The tone we took with our employees from the very beginning – upon my return from my ill-fated trip to California – was radical transparency. No sugar coating, just the truth. Our weekly Thursday cocktail hour – which had largely fallen away during our busiest period – was resurrected that week but would become our most sombre one yet.  I remember saying to the team “If we make it through this, it will be a great case study”, to which one of my colleagues responded quietly: “This is the worst Pub-o-clock ever!”

And then, Shelli and I did what we do best – we hustled, with all the energy and scrappiness of our very first year in business. We wasted no time as a team bringing every aspect of our approach, across all of our offerings, into the digital world. And then, we iterated and re-iterated the approach in the following days until we were comfortable that it met our high standards. In parallel, we got in touch with old clients, new clients, prospective clients – anyone who might need support with innovation in a world that was changed almost beyond recognition. We desperately tried to lock down projects that had been interrupted or were up in the air. We had many (so many) meetings with senior leadership teams across multiple companies and geographies, all with the objective of convincing them that our virtual approaches could work as well as our in-person ones – praying all the while that our home Wi-Fi wouldn’t fail during the technical demos. And, one by one, things started to happen – most notably a pipeline that would take us to the end of June. We were, after a long, deep breath, finally coming up for air.

What do I feel?

Gratitude – More than anything else, I feel so much gratitude, more deeply than I can express. I can’t begin to count the number of times I’ve wanted to reach through the phone and hug a client – one who simply asks how I am, one who takes a leap of faith in new technology, or one who unknowingly keeps the lights on at our agency for another few weeks by awarding us a new project or kickstarting a stalled project back into action. I’m grateful for my health and that of my family. For a supportive husband that has taken on equal or perhaps more than fair share of household duties, on top of his own demanding career. I’m grateful for my business partner – we have never been closer, despite not having been in a room together for what feels like an eternity. I’m grateful that our business is one that was capable of pivoting so quickly, and ultimately seamlessly, in the face of COVID. 

Love and Amazement – The adoration and admiration I’ve felt for my team cannot be overstated. The way they have stepped up, embraced change, and given 200% to everything they’ve done has been both humbling and truly inspiring. I’ve had to fight back tears at multiple team meetings and one-to-ones – when a team member has shown incredible compassion toward me or a fellow colleague, selflessness about their own personal situation, or their fierce loyalty to a business we’re all fighting alongside one another to keep alive. They’re a true embodiment of every company value, and I will be forever indebted to each and every one of them.

Connection – Specifically, our connection with fellow business owners and entrepreneurs. As we looked at cost-cutting measures, there was inevitably some remorse about the large expenditure we’d just made to join an entrepreneurial community based entirely on in-person gatherings. However, like us, having a (now virtual) community to share tears, advice and motivation with during a pandemic that rocked the foundation of virtually every small business has proved absolutely priceless.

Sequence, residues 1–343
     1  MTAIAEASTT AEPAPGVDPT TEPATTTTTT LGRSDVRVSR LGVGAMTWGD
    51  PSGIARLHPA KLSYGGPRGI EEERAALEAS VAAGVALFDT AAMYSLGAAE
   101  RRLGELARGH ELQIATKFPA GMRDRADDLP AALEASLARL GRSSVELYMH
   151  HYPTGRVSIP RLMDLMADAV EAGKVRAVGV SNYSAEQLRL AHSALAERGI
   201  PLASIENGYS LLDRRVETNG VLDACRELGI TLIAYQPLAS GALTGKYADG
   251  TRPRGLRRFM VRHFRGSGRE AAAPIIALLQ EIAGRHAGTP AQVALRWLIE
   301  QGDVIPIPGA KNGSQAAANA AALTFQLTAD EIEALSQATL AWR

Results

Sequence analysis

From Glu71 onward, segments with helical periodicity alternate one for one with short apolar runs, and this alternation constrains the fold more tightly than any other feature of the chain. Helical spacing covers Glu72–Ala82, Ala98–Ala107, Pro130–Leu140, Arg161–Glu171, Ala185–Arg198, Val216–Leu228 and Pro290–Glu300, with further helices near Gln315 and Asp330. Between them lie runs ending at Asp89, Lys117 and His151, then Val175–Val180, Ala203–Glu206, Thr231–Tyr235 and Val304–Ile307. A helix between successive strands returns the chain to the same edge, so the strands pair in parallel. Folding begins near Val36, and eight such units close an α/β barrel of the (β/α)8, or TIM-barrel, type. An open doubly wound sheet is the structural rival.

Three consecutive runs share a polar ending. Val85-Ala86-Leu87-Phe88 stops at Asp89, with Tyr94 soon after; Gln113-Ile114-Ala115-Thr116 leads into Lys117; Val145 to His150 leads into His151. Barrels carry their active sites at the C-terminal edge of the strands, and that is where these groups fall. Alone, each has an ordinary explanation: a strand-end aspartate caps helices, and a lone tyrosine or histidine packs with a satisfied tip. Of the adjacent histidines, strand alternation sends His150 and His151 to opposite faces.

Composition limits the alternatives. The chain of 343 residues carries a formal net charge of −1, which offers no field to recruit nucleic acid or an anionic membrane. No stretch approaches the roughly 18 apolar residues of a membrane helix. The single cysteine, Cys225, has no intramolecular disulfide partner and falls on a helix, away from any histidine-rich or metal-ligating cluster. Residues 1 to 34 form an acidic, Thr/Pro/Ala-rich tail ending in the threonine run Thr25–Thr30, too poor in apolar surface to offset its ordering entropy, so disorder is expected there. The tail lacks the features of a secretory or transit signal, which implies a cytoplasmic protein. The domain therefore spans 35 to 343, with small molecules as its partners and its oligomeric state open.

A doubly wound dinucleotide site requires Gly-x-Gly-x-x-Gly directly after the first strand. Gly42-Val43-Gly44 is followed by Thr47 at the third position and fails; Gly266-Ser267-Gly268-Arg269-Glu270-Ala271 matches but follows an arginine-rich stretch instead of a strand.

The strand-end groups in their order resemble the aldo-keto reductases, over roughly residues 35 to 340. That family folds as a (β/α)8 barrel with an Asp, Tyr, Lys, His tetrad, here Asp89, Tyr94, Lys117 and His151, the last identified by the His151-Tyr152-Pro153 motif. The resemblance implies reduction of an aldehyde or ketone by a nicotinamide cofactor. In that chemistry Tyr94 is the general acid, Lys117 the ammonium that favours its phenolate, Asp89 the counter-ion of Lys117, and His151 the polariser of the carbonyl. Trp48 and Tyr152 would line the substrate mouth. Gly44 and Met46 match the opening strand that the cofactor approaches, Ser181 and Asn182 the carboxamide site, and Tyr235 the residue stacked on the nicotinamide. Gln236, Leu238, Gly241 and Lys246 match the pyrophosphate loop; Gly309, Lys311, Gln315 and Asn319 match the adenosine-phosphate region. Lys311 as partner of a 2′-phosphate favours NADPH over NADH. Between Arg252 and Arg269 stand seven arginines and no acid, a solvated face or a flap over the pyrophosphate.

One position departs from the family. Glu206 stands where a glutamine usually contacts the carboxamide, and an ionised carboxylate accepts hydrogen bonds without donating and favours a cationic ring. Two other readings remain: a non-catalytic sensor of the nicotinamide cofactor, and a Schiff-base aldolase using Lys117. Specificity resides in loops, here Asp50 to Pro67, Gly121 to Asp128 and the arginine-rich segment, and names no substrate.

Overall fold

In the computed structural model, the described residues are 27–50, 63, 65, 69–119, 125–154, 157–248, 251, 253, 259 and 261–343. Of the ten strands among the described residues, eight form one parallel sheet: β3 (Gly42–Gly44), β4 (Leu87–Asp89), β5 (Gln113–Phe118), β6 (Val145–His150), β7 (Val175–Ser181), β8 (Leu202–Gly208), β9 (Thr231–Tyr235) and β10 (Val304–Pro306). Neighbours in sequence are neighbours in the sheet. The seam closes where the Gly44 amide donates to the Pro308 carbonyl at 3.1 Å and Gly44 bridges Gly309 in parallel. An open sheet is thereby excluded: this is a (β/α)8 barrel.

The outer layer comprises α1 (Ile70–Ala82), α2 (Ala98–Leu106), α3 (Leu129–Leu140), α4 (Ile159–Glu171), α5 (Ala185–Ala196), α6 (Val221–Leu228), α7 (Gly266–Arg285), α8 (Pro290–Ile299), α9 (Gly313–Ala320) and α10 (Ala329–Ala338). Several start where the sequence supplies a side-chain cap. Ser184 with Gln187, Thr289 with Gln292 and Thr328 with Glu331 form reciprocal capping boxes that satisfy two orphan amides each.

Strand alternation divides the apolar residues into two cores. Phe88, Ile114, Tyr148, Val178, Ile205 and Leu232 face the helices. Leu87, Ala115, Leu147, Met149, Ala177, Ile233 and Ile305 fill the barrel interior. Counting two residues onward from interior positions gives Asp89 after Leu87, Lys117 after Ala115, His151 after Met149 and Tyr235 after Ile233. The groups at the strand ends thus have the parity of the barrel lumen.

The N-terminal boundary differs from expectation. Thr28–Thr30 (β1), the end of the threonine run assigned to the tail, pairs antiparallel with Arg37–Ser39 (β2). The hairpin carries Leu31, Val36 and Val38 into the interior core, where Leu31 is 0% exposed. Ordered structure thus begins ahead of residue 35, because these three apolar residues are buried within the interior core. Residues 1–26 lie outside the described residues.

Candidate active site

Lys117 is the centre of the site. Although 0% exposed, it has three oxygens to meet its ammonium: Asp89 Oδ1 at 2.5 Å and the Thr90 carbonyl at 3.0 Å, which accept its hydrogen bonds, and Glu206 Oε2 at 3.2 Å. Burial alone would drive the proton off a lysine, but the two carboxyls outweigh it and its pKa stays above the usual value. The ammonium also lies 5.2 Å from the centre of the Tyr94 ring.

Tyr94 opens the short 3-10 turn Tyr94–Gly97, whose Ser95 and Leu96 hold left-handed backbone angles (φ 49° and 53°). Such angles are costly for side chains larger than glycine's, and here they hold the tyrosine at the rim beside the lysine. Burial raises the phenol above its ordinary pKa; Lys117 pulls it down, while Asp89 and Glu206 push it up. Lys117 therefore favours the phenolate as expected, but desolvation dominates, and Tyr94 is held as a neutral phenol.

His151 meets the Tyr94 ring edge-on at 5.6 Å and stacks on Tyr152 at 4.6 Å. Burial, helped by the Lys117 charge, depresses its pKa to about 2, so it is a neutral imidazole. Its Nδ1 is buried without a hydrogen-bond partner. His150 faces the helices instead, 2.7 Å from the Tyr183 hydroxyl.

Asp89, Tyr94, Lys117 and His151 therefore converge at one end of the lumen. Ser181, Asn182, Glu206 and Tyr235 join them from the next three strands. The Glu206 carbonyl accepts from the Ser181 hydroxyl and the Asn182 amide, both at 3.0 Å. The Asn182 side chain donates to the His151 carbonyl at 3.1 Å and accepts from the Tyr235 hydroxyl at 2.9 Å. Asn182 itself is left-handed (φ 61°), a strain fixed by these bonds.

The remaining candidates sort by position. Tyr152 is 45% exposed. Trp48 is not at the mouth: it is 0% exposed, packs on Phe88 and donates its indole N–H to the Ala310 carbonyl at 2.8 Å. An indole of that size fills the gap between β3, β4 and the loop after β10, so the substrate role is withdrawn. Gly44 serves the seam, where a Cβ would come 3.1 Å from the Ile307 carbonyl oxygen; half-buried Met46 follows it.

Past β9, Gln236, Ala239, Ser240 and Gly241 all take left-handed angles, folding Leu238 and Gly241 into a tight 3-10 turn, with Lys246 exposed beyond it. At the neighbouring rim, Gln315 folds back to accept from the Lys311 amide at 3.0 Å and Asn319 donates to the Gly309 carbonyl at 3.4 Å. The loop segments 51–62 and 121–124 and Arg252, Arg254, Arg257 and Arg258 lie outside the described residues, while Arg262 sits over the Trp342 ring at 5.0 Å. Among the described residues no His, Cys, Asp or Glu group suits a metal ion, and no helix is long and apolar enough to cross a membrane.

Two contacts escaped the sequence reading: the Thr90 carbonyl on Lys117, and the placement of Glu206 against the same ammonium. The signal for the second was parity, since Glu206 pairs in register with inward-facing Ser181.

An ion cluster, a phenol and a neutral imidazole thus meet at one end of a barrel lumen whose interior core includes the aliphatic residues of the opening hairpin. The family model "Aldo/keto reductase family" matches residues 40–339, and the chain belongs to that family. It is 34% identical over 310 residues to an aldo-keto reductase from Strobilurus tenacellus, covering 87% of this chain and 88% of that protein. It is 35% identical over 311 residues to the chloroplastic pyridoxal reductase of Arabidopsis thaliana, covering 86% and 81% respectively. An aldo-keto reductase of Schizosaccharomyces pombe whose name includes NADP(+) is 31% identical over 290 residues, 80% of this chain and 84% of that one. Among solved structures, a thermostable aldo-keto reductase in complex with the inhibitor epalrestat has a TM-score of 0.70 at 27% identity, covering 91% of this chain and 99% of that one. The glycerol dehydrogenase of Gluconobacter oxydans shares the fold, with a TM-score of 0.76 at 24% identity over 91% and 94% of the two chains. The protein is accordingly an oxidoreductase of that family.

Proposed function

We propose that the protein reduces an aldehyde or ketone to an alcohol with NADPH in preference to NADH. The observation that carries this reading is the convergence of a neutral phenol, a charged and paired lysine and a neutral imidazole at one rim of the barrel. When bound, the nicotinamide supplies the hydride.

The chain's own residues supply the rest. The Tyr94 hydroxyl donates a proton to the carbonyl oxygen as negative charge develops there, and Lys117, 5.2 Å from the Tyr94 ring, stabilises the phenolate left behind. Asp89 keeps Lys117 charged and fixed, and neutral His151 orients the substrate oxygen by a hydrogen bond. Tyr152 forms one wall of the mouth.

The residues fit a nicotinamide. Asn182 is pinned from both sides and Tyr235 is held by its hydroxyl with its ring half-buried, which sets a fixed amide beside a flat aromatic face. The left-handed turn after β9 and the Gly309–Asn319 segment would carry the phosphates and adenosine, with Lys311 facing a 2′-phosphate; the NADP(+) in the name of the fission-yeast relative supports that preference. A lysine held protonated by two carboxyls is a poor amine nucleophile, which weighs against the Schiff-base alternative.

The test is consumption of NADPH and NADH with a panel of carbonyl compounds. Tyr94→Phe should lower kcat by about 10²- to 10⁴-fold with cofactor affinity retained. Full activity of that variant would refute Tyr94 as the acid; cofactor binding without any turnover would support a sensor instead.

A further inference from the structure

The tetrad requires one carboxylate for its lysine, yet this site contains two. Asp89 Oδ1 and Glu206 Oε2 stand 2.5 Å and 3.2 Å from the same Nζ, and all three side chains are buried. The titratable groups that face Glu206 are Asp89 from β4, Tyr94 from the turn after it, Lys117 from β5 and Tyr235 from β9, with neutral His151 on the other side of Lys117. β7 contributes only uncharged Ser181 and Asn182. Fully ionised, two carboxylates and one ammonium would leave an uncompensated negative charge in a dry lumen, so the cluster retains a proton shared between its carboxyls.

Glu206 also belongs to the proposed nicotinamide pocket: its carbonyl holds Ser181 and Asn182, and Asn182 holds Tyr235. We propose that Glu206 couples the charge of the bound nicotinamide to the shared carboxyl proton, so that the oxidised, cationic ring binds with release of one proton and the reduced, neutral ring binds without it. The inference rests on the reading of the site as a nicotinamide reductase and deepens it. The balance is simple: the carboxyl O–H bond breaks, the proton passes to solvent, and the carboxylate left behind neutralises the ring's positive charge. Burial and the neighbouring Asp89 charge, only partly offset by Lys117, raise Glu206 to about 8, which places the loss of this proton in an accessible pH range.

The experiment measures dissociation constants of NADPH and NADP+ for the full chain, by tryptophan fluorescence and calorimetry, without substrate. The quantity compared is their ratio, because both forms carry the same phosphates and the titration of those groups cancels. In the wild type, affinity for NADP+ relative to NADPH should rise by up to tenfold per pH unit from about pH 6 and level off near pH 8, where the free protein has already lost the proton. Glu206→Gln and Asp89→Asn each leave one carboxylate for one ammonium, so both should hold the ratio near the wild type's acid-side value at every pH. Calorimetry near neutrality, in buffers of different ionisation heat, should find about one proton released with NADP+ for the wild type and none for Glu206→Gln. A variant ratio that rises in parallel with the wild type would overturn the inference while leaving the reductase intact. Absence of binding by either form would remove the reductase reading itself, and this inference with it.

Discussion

Anxiety – Insomnia is still a daily struggle. I worry about my team, my family, the world. I feel a deep longing for the neatly compartmentalized life I once had – one where I could give 100% at work, and then give 100% at home. Now, by comparison, I operate in a hybrid world of teacher/parent/business owner/household manager, where everything is blended into one exhausting, multiple hat-wearing 18-hour day, in which the idea of neat compartments seems as fanciful as a pet dragon or a flying elephant. And yet, I also feel…

Optimism – Specifically, that there is light at the end of the tunnel – no matter how long that tunnel might turn out to be. Amidst all of the turmoil of this crisis, I have seen so many beautiful sides to the human spirit, and been lifted countless times by the positive energy and actions of others. It’s a reminder that attitude determines so much in our path in life, and that perseverance is always a possibility. In a year where we have seen so much suffering, and so much heartbreak, we have also seen the green shoots of possible futures – ones in which we can hopefully look back on these times not merely as something we had to get through, but as a beginning. 

What lies ahead?

As an innovation agency, we are paid to ‘see’ the future, and my own projections for small business owners as we enter phase two of the pandemic are, unfortunately, somewhat bleak. They tell me that this crisis – and its impact – is far from over, and that there will be tough weeks and months, if not years, to come. But, they also tell me that we’re learning and becoming more resilient with every day in this brave yet bewildering new world – and that the lessons we are learning will serve us well through the rest of this pandemic, and with the new challenges that will inevitably follow.

Like many small businesses, our agency used up a lot of the flexibility we had in those early weeks and now have little wiggle room left. Those government programs that were a life preserver back in the Spring are beginning to wind down. The next quarter is going to be the make or break for many of us, and it will happen in the midst of a second wave, flu season, colder weather, and our collective exhaustion. But, we know now that we are not alone, and that together we are far stronger and more resilient than we could ever be apart – even when being together means keeping our distance.

The storm that’s coming won’t know what hit it.